Red Sox

No, Dustin Pedroia won't be like Tom Brady and play until he's 41

No, Dustin Pedroia won't be like Tom Brady and play until he's 41

Dustin Pedroia has no plans to step away from baseball until his body forces him to.

But he's also realistic: He's not reaching Tom Brady status anytime soon.

At Pedroia's introductory press conference Friday at Boston Red Sox spring training, WBZ's Dan Roche mentioned how the 41-year-old Brady has enjoyed having his family experience the latter part of his playing career and asked Pedroia if he's similarly motivated to keep playing.

Pedroia's response:

"Yeah. I mean, I'm not playing until I'm 41. Damn."

That settles that.

The Red Sox's longest-tenured player turns 36 in August, so he'd need to play five more seasons to make it to 41. That seems highly unlikely after a 2017 knee surgery that sidelined Pedroia for all but three games in 2018.

"Do I get my knee 100 percent?" Pedroia said. "Well, (expletive), it ain't even my knee. It's somebody else's, bro. My right knee is 100 percent."

The new reality for Pedroia is that his body likely can't withstand a full 162-game season. In fact, president of baseball operations Dave Dombrowski said recently he's hoping for 125 games out of his second baseman this year.

That's not exactly the workload of Brady, who's still winning Super Bowls at his advanced age. But right now, a target number of games is the last thing on Pedroia's mind.

"I've been around long enough to know, especially around here, you can't look that far ahead," he said. "I remember they were saying that in 2016, too, and I got 11 straight hits and played for like 40 straight games. You never know.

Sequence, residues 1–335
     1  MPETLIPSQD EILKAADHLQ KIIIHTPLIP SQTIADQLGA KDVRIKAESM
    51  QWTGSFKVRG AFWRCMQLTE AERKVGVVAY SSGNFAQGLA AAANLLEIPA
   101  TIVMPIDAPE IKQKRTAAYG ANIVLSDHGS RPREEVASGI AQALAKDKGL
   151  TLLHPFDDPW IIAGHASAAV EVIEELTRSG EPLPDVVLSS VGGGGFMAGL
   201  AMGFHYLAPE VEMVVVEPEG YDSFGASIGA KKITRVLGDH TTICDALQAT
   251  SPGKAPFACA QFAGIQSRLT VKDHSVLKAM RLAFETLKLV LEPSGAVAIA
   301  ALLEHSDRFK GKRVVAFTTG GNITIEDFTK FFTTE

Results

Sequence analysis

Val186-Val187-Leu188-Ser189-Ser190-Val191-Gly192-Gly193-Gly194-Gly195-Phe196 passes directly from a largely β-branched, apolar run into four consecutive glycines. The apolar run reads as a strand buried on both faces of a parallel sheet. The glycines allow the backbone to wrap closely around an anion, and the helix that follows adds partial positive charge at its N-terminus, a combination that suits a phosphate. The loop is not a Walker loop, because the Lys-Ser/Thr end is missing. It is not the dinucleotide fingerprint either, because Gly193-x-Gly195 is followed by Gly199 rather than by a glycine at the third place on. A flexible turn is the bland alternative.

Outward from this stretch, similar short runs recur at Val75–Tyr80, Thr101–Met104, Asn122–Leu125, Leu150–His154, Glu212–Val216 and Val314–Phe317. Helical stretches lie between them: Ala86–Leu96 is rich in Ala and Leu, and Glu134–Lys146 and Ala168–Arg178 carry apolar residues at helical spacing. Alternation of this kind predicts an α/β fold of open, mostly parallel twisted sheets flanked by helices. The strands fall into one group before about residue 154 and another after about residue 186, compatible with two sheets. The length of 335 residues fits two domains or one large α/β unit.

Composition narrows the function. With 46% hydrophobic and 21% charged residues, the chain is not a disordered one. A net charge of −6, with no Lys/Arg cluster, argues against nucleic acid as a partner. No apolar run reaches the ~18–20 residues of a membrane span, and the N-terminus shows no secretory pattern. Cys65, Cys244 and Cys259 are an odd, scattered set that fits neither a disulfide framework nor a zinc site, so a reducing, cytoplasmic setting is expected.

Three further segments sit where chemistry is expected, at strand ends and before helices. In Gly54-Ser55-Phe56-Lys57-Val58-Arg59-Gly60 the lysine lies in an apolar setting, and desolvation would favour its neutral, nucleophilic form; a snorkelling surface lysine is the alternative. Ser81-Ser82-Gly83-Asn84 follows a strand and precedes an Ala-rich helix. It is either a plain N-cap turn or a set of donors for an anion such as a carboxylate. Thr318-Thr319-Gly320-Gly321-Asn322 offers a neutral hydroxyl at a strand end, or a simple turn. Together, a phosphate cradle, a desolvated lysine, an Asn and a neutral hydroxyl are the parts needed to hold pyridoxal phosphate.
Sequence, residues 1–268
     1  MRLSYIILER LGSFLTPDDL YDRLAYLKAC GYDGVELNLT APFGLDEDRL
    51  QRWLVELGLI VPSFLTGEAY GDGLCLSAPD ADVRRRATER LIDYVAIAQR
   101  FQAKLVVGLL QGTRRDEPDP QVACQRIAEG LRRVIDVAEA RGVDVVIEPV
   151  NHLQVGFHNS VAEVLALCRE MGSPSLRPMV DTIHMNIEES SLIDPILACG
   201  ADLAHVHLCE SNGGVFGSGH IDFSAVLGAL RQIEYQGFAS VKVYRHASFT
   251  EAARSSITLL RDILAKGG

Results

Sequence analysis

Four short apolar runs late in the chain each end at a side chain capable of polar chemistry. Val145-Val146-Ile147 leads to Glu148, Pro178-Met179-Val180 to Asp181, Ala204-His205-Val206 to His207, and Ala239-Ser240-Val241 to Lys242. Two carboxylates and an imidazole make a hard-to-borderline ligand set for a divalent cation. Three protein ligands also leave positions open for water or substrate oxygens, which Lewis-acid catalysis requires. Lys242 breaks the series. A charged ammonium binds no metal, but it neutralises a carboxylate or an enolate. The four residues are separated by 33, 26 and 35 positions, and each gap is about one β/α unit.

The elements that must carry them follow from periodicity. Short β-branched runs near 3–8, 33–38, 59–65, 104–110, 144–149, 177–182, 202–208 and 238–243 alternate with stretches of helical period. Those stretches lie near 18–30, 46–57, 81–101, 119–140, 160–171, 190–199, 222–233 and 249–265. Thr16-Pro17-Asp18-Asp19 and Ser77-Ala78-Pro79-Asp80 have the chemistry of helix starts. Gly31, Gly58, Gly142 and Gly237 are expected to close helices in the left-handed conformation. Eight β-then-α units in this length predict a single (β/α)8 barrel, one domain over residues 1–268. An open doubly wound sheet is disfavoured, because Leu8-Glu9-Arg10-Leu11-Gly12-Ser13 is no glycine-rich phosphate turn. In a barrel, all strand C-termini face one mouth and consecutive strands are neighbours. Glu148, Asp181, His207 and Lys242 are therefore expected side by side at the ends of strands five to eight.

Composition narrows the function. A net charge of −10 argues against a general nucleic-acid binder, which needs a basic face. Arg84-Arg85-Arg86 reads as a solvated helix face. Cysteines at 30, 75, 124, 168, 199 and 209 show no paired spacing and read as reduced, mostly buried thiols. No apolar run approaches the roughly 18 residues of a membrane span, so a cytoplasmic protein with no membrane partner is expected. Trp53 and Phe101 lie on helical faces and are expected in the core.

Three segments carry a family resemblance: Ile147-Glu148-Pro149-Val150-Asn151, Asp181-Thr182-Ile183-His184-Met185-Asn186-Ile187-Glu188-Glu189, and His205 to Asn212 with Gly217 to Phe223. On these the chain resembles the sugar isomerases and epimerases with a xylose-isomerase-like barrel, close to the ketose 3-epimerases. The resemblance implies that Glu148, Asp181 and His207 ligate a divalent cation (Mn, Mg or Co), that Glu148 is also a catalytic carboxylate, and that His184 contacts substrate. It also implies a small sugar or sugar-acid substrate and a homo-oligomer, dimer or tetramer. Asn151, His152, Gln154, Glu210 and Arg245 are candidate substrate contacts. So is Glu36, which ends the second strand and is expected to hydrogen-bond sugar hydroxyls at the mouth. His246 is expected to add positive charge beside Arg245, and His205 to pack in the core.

"I could wake up tomorrow and not be able to play anymore. But I'm confident where I am now. I'm excited. We have a good plan in place."

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Projecting Red Sox's bullpen roles with relief pitchers finalized

Projecting Red Sox's bullpen roles with relief pitchers finalized

The Boston Red Sox's bullpen undoubtedly is the club's biggest question mark entering the 2019 season.

But at least we know who's part of the unit.

The Red Sox made five roster cuts Saturday, in the process finalizing the eight relief pitchers they'll carry into Opening Day. Here's the list in alphabetical order:

RHP Matt Barnes
RHP Ryan Brasier
RHP Colten Brewer
RHP Heath Hembree
LHP Brian Johnson
RHP Tyler Thornburg
RHP Hector Velázquez
RHP Brandon Workman

While it's not a particularly inspiring group on paper -- only Brasier had an ERA under 3.00 last season -- and it doesn't include All-Star closer Craig Kimbrel, manager Alex Cora doesn't seem concerned.

"People outside our world think we're short on pitching. We're not. We're fine," Cora said Saturday, via The Boston Globe's Pete Abraham.

But who will pitch in which roles with Kimbrel and setup man Joe Kelly both gone? Cora continues to play coy, so here's our best guess for each role:

Closer: Matt Barnes